ExxonMobil launches multi-million-dollar tax claim against Russia

ExxonMobil has a 30-percent stake in the Sakhalin oil and gas project. Source: Reuters

ExxonMobil has a 30-percent stake in the Sakhalin oil and gas project. Source: Reuters

American ExxonMobil has filed a tax claim against Russia. The company says that for the last six years it has been paying taxes at a higher rate than necessary. The overpayment may amount to hundreds of millions of dollars. Experts believe that other international participants of the Sakhalin-1 project may now follow suit.

American oil giant ExxonMobil is demanding that Russia reduce its income tax rate for the Sakhalin-1 project off Russia’s Pacific coast from 35 to 20 percent and return tens of billions of overpaid rubles (hundreds of millions of dollars). According to the Kommersant newspaper, the American oil company is also threatening to file a lawsuit with the Arbitration Institute of Stockholm.


Forgotten claims

The issue first arose in 2009, when the tax rate was lowered to 20 percent. However, participants in the project continued to pay income tax of 35 percent based on the original agreement signed in 1995, despite the new rate.

"Income tax in the Russian Federation is 13 percent and another 22 percent is paid to the Sakhalin Region, unless rates are reduced by corresponding laws, decrees or regulations introduced later,” explained Deputy Finance Minister Sergei Shatalov in a letter.

ExxonMobil has a 30-percent stake in the Sakhalin oil and gas project. The other shares belong to the Japanese company Sodeco (30 percent), India’s ONGC (20 percent) and Russian oil giant Rosneft (20 percent). The project is based on a production-sharing agreement.

"The Americans' claims are justified because when the tax rate for the project was established, it was announced that it might be lowered in the event of a future change to the corresponding legislation," says Yelizaveta Belugina, a leading analyst at the FBS brokerage company. "And since the change has occurred, ExxonMobil has the right to be compensated."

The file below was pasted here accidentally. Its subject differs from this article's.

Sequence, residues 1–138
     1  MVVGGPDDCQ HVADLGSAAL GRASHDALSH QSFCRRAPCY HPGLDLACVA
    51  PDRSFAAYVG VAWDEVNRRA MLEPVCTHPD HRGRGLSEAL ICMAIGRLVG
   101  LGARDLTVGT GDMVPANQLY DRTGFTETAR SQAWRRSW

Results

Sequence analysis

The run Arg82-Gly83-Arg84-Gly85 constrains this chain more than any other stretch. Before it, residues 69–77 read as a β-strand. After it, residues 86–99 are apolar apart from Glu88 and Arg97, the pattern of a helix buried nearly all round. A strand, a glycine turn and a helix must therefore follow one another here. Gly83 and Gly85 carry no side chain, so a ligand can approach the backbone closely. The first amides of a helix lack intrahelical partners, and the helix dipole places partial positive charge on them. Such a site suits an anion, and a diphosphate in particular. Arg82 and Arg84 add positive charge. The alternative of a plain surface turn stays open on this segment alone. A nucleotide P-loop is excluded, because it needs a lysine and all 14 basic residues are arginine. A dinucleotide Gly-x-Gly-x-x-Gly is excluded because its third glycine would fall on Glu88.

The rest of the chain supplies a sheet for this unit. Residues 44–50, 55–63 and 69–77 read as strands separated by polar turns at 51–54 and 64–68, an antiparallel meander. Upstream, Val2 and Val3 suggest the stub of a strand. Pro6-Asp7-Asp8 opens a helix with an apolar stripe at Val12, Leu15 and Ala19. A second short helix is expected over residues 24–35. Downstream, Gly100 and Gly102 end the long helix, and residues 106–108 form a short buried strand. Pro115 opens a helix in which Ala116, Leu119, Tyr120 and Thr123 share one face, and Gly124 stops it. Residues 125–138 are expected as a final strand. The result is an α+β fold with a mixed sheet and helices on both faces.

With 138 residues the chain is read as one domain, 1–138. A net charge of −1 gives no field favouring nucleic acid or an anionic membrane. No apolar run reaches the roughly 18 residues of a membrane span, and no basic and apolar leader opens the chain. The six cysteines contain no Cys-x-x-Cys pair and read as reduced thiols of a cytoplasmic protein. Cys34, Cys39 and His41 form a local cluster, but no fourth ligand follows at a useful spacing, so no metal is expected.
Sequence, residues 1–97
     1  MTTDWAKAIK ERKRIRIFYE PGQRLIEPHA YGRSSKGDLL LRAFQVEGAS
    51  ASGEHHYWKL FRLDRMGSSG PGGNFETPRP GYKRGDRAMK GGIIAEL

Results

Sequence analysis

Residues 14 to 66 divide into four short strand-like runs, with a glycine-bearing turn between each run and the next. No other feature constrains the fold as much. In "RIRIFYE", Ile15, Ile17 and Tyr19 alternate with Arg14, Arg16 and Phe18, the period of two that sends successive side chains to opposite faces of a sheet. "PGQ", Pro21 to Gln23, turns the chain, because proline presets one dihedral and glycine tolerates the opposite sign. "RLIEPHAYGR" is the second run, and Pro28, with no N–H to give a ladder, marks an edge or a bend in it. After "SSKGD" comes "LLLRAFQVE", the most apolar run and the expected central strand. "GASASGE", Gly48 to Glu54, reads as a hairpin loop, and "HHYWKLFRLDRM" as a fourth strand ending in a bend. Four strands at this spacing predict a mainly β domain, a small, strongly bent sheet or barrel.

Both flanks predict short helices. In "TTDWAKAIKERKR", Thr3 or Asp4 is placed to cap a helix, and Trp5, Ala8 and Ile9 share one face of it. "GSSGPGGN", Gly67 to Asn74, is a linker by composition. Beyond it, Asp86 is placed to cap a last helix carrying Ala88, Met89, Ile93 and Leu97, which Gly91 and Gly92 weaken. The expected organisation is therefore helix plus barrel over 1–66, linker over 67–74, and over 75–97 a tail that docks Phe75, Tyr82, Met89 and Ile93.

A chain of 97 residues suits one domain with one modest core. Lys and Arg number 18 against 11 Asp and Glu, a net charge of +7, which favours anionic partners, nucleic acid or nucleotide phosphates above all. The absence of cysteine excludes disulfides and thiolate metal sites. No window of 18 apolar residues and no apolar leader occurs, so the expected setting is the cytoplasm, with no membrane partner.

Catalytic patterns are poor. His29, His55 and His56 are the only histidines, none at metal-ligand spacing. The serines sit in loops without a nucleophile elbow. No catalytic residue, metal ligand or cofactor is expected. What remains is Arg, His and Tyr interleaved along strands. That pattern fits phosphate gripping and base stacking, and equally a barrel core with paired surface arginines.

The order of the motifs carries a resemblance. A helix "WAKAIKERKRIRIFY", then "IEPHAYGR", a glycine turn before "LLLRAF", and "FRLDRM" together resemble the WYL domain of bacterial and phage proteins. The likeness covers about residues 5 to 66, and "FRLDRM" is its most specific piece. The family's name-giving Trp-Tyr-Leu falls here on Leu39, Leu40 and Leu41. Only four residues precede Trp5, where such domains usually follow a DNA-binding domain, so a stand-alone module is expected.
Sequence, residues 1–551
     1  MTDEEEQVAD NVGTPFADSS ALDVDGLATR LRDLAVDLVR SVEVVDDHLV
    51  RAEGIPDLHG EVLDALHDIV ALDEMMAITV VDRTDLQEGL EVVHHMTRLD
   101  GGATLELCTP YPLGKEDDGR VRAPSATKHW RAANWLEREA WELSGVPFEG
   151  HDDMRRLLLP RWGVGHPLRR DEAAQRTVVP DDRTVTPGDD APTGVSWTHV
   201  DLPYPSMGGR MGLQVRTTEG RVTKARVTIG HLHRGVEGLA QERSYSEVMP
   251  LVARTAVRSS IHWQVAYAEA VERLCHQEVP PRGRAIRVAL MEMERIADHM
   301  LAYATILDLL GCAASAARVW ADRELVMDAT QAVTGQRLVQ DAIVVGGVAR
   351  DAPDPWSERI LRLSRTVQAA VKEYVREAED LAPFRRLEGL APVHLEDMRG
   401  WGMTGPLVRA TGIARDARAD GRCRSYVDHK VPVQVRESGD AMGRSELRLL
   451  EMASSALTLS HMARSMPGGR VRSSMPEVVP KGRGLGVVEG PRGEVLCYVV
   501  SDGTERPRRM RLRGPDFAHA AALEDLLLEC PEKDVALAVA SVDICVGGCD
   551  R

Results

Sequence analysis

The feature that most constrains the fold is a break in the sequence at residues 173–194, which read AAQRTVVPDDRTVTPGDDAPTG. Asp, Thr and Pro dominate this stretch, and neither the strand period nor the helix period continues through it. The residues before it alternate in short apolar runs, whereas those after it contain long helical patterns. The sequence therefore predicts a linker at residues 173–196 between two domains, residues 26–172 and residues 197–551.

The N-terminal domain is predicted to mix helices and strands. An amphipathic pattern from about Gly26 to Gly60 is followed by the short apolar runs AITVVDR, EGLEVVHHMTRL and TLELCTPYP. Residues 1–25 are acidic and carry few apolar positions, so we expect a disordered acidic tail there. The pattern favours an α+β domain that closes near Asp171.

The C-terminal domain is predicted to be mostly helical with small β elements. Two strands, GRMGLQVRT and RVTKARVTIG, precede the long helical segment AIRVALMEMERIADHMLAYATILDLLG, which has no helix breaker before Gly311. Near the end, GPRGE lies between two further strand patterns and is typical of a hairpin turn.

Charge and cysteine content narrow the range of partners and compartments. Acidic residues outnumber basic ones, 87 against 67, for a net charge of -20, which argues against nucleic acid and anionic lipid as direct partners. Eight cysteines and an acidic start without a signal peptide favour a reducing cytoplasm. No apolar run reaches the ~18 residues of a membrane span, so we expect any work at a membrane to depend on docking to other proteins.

However, Begunina believes that sanctions have also played a role in this story. "The company tried to lighten the tax burden in 2009, but lobbied its interests rather weakly. The rhetoric strengthened only after the introduction of anti-Russian sanctions."

ExxonMobil's cooperation has by and large been frozen as a result of the sanctions, with the company estimating its losses in Russia at $1 billion. As Kommersant points out, "ExxonMobil's management is now faced with the challenge of reducing costs and closing old stories."


Is compromise appropriate?

"The chances of the American partners winning are very high," says Boris Fedosimov, General Director of the international Business People Consulting Group. "But most likely ExxonMobil will be compensated only for the last three years due to the statute of limitations."

Yet, the American company's claims could become a precedent for similar demands from the other Sakhalin-1 partners, such as Japan’s Sodeco and the Indian company ONGC, says Mikhail Krutikhin, a partner at the RusEnergy consulting company.

ExxonMobil President Rex Tillerson arrived in Moscow on March 19. He met with Russian Energy Minister Alexander Novak. It was a closed meeting, after which Novak said that Russia was still interested in working with ExxonMobil.


Why the increased rates?

Besides the Sakhalin-1 project, there are two other projects that are based on the production-sharing agreement (PSA): Sakhalin-2 (which features the participation of the Dutch-British company Shell and a consortium of Japan’s Mitsui and Mitsubishi) and the Kharyaginsky project (with the participation of France’sTotal and the Norwegian company Statoil). Each agreement contains its own fiscal conditions, which include the income tax rate that was in effect at the time of signing the agreement.

The tax rate for the Kharyaginsky project is 35 percent (the agreement was signed in 1995, as was Sakhalin-1). The Sakhalin-2 project has a 32-percent tax rate (the current rate in 1994, when the agreement was signed). In 2010 the contractor for Sakhalin-2, Schlumberger, tried to reduce the rate via a lawsuit. But at that moment Russia had already lowered its tax rate to 20 percent. In the end the court refused to review the case.


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